Mike McCarthy Press Conference Transcript - Aug. 6

(What were your impressions of the two-minute and no-huddle periods?)

I thought the two-minute drill was good work. You just cannot get enough work as far as the different types of situations, the mechanics and the substitutions and so forth. I was very pleased with the two-minute work, very pleased with the no-huddle, the two segments of no-huddle there at the end. Just playing up tempo and you've just got to keep changing it up as much as you can because that's really what gets our players ready to play in trying to cover all of the different situations that occur. Today was a review day for us. We've had an opportunity to go back and review the first five installations and I thought today was a good, solid day. The younger players got a lot more reps today because we had a veteran select group that we held out probably eight or nine of our veterans, like we traditionally have on Tuesday and Thursday mornings. I thought it was a good, solid day.

(Did you hold the veterans out to give them rest or to get a better look at some of the young guys?)

I think it is a combination of a couple of elements. Number one, you look at how many games they have played, you look at how many years they have been in the league, you see what their bodies have been through, so from a medical standpoint it's just being smart. The second part of it is you never have enough reps for your younger players. That's really the design of it and I've been very pleased with the way it is worked in the past. Especially with us being as young as we were in the past, I think it really fits into our program here.

(Can you talk about the other wide receivers besides the top five?)

You can see Brett and Jake being here a year definitely helps. I can't say enough about the progress they have made. The younger players, they are in that time of training camp where you are about half of the way through the installs and they are fighting to hold on, fighting to get it right as far as what they are doing and so forth. It's a really competitive group top to bottom. I think Donald Driver and Greg and all the way down, they set such a standard there and just the way we operate in the classroom and the amount of time that the quarterbacks and receivers are spending together in training camp because you normally wait until in season, so it's a great learning experience for those young receivers and they are doing a good job keeping up.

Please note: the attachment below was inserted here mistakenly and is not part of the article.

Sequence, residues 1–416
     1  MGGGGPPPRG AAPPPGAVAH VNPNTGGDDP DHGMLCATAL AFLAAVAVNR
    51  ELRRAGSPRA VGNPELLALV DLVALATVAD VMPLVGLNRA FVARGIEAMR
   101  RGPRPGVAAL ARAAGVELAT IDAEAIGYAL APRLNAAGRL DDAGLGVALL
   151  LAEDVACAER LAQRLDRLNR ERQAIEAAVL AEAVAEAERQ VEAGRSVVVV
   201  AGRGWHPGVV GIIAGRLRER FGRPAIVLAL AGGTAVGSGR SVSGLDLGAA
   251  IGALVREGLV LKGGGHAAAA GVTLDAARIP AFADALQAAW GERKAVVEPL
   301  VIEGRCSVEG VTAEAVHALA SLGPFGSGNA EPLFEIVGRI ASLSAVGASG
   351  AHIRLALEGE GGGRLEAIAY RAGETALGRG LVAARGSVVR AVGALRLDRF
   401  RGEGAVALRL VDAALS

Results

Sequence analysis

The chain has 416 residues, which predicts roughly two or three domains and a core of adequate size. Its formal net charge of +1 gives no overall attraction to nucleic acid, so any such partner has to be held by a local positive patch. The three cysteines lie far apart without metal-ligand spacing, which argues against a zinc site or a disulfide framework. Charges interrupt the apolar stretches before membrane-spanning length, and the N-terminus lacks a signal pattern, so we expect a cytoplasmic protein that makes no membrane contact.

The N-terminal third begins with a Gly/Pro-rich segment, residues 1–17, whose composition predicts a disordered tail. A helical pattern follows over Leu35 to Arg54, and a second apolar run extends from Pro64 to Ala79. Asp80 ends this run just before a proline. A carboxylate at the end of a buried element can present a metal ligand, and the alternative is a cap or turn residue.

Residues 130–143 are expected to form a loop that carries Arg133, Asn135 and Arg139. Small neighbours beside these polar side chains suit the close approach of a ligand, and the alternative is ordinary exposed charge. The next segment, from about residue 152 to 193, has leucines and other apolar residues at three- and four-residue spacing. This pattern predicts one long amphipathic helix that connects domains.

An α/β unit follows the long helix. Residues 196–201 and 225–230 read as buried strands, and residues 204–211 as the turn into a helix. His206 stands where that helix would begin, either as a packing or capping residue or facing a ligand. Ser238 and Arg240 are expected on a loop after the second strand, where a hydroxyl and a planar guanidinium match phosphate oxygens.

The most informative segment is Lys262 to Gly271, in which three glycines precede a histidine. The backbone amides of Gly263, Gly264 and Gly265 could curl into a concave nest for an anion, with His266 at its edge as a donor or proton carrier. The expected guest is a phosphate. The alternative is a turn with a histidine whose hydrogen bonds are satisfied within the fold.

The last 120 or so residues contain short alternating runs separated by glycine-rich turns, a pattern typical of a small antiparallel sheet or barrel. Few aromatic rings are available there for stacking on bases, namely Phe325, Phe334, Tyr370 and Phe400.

(How is James Jones looking?)

I would like to say he's back. James last year was one of the stars of training camp. I thought he had an incredible training camp last year. He hurt the knee up in the Denver preseason game and it was something that was with him all year. He looks like he is back to full strength.

(Any update on B.J. Raji and how far behind is he falling?)

I do not have an update on B.J.'s contract situation. It's the same as it's been every time I've asked, and he's behind. I think it's obvious. It's important for players to be here in training camp. If it wasn't we wouldn't have training camp. It's important that he gets in here as soon as he can.

(Is this kind of like a game week where it would be too late now for him to play on Saturday even if he signed?)

Those are really questions that I think we need to ask when we get to see him. I have no idea until I watch him go through the conditioning run test that we put all of our players here, and we'll use that to evaluate B.J. when he gets here.

(How important is Family Night as far as evaluating players, especially on the back end of the roster?)

Family Night, it's an important step in the process of training camp. It's our first opportunity to have a game atmosphere, which I don't know how many teams can say that based on their scrimmage. It's just an incredible environment that our fans create for us. Most teams probably have 10,000-15,000 people that they are playing in front of. For our younger players it's a great opportunity to go out there and see what it is supposed to look like. It's a great opportunity for our coaches, particularly a new defensive staff to go through their operations and communications and so forth. It's pretty much a dress rehearsal. But it's one step in the process of our evaluation of picking this football team.